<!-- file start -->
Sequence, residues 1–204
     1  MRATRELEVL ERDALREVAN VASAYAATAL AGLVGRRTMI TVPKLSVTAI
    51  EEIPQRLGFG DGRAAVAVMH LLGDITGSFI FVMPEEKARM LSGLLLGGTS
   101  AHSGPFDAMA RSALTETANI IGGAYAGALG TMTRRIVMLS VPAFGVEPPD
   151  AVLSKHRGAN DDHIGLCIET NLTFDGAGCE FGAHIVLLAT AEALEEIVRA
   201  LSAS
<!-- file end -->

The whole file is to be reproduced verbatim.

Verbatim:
Sequence, residues 1–204
     1  MRATRELEVL ERDALREVAN VASAYAATAL AGLVGRRTMI TVPKLSVTAI
    51  EEIPQRLGFG DGRAAVAVMH LLGDITGSFI FVMPEEKARM LSGLLLGGTS
   101  AHSGPFDAMA RSALTETANI IGGAYAGALG TMTRRIVMLS VPAFGVEPPD
   151  AVLSKHRGAN DDHIGLCIET NLTFDGAGCE FGAHIVLLAT AEALEEIVRA
   201  LSAS